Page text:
When an irresistible force meets an immovable object in nature, they are likely to cancel each other out, postulates physics. However, on the football pitch something did break. Belgium’s flamboyant attacking side was was nullified by France, who were pragmatic, smart and played through an iron defence to get through to the FIFA World Cup final against Croatia.
This was always going to be a match that France would win. Belgium had played some exciting games in the lead up to the semi-final, and had been very good against Brazil. But the French have got the job done without exerting themselves in futile pursuits, and it showed again. They have gotten the best out of every player, and even gotten the best out of players in roles that they were not accustomed to.
Case in point: Paul Pogba. The obvious heartbeat of this France team has been N’Golo Kante, and his workrate has defined how this team will play without the ball. Blaise Matuidi’s contribution cannot be missed either. Playing on the left, his job has been to give balance to a side by not just winning and earning back possession, but also responsibly launch initiatives.
Also Read | Will France Play for Legacy or the Cup in the Final vs Croatia?
To this, Pogba’s evolution into a true box-to-box midfielder cannot be missed. He has always been known for his flamboyance and his skill and finesse. But at the FIFA World Cup, he has added a steely desire to his game that will only elevate his stature to higher levels. Through the semi-final he shadowed Eden Hazard and made the Belgium captain’s forays difficult. Where earlier he would play as a Number 10, here he has embraced the role of an all-round playmaker.
Credit for this must go to Didier Deschamps, who has done where other managers have failed. At Manchester United, Jose Mourinho’s tough love technique to get Pogba to work harder have only isolated the playmaker. Deschamps has obviously used some other method to convince the man that he needs to expand his skill and impact.
A coach’s role cannot be understated when it comes to the national team. Besides being tactically astute, their responsibility also lies in player management. If the players trust you, then your methods will succeed. If they don’t, then your methods will never be applied on the field let alone translated to success. Jorge Sampaoli is the prime example here.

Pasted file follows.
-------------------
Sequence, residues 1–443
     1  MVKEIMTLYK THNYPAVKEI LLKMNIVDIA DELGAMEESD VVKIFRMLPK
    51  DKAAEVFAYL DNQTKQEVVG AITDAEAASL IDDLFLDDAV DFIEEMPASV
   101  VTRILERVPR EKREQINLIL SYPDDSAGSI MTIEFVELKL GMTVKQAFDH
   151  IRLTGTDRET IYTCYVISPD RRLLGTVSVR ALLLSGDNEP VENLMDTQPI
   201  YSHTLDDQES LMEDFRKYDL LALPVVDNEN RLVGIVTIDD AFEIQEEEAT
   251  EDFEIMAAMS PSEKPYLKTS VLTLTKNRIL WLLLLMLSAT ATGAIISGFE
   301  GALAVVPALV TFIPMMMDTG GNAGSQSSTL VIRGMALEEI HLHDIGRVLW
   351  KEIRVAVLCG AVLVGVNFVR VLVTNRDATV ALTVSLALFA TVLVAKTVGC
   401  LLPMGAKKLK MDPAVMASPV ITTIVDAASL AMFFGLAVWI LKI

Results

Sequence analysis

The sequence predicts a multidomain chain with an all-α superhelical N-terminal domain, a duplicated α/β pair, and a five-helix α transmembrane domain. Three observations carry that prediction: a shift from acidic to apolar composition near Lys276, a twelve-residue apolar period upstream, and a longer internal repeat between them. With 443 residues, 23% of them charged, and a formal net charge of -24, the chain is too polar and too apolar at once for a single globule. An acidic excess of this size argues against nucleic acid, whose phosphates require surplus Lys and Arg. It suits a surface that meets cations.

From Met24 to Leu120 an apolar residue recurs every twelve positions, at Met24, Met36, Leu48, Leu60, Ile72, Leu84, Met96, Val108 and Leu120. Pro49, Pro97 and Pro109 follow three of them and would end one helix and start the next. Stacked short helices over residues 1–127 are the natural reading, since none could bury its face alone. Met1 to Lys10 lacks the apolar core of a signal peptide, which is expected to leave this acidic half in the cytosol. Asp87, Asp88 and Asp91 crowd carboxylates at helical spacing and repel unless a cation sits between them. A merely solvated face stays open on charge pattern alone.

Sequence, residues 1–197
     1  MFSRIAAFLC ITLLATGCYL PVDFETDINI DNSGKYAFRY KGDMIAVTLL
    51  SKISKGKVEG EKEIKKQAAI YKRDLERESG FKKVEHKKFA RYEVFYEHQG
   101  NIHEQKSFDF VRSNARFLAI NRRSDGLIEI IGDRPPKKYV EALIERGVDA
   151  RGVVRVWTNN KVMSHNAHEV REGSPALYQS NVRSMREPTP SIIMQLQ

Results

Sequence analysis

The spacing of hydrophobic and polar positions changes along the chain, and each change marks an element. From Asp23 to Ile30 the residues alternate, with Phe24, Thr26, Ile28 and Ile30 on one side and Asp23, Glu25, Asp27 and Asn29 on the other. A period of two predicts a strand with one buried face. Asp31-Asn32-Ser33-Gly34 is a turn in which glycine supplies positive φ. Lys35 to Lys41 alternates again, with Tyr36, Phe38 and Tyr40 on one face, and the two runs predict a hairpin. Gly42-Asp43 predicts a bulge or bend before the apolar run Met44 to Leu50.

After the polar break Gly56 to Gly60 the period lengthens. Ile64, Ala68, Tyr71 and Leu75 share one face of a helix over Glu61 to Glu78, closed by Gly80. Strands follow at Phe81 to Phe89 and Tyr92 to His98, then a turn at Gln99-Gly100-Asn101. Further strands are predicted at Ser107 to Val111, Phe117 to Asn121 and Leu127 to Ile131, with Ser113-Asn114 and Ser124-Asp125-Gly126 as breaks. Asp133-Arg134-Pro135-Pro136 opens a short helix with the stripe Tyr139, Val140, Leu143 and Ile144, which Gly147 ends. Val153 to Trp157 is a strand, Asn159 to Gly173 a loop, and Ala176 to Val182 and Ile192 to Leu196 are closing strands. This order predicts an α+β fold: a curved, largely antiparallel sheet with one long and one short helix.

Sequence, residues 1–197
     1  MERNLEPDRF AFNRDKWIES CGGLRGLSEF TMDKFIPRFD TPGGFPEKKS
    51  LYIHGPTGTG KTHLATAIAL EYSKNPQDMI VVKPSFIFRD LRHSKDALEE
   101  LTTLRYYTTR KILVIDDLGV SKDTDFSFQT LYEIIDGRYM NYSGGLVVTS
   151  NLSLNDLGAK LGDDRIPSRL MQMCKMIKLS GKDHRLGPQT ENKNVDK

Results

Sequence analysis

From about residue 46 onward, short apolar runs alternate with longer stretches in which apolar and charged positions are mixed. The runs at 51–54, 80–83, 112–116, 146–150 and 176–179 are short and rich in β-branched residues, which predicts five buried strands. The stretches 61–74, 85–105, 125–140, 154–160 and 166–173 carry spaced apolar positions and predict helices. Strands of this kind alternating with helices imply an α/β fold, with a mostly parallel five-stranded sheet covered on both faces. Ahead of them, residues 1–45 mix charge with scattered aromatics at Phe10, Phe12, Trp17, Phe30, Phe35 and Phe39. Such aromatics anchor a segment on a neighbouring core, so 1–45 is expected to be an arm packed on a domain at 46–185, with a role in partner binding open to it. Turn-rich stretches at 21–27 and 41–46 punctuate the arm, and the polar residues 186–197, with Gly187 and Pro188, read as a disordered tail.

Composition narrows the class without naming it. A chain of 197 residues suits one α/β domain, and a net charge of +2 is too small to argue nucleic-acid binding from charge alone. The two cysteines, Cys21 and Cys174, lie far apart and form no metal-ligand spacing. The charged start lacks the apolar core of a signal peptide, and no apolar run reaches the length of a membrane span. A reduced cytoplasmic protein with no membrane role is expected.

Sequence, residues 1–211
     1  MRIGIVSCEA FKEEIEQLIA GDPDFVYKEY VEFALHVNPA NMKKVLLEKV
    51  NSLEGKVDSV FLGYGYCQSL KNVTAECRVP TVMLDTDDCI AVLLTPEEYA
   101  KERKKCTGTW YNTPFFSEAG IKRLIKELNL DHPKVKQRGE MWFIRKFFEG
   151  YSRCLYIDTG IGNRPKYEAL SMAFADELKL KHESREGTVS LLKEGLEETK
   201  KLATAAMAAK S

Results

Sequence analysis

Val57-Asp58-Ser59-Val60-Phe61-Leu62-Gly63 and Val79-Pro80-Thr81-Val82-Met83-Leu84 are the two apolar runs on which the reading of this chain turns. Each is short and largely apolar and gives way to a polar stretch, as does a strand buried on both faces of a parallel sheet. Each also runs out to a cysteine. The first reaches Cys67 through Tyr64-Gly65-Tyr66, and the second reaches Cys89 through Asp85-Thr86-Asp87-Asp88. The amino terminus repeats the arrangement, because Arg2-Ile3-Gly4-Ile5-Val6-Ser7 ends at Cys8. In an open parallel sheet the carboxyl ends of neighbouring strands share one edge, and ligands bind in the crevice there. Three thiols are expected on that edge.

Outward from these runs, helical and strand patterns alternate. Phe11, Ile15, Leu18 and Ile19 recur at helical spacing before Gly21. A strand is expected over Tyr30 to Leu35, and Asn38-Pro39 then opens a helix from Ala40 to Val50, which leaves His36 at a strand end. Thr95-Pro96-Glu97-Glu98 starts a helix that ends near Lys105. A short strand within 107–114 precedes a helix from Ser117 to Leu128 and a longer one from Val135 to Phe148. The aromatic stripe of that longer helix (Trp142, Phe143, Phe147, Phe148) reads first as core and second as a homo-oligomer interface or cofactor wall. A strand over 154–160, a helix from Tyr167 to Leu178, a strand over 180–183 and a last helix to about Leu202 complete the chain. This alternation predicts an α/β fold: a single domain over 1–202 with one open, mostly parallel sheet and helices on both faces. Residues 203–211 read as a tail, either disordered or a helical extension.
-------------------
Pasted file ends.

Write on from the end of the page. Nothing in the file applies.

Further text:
Next for France is the biggest game of this golden generation’s career -- a World Cup final against Croatia, a team that has refused to lose, and has come back from every setback to get there. It is a delight to see such a small country, a nation of barely 4 million, make it to the biggest stage of all, that too after beating some traditional power houses to get there.
Also Read | FIFA World Cup: N’Golo Kante and the Art of Functional Football
In my opinion, despite being underrated, England, by the end were hyped up to a bigger stature than they actually were. The English media, the pundits, even casual viewers, got carried away in their love for the Premier League and forgot that the players who took the field genuinely lacked the experience to get this far. The news cycle was dominated by how Croatia would be tired (they weren’t), England would be fast (they weren’t) and this would be a battle of midfield supremacy (it wasn’t; battles are two-sided).
When their opponents have clicked into gear, England have looked clueless. They played beyond themselves to get to the semi-finals, but this is a one-dimensional team, which succeeded by playing a way that has been heavily criticised by the press in the past -- winning games through set-piece conversions.
Even in the semis, this was evident in the way that they looked their most dangerous when Kieran Trippier was on the ball from a set-piece. It isn’t too different from the good old days when David Beckham lined up one to send into the box. Trippier, a self confessed Beckham fan, would’ve made the big man proud. His strike for the first goal was world class, perfectly weighted, and placed into the corner. For the next 20 minutes, England looked like the more likely winners, eagerly winning the ball and taking on the Croatian defence.
After that though it was a Luka Modric and Ivan Rakitic show. The duo controlled the middle of the park from the second half till the end of extra-time,never giving England a sniff at anything. Croatia may have scored late in the game, but the goal was always coming. And the two scorers, because of their lack of screen time on English dominated television, may have surprised many, but would have just did what was expected of them by the rest of the world.
Also Read | Oscar Tabarez: A School Teacher’s Revolution Which Changed Uruguayan Football
Ivan Perisic and Mario Mandzukic are men for the big occasion. Perisic put in the kind of performance in the semis, that would have, on any other day, made him a superstar. His speed, vision and work-rate made life hell for England’s right side. And what to say about Mandzukic, a man who looks like he is drifting in games, but then strikes the blow when it is really needed. He has scored goals on big occasions too many times to be considered a passenger.
I feel for England and their fans. They are a proud nation with a great footballing history. This young team, needs more experience, more finesse and some more facets to their game to get to the top. In a few years, given the right kind of push they will be challenging for titles. For now, Croatia and France will battle for one.
[The author represented India through 1998-2011. He is an AFC A-licensed coach and heads the Football Players’ Association of India]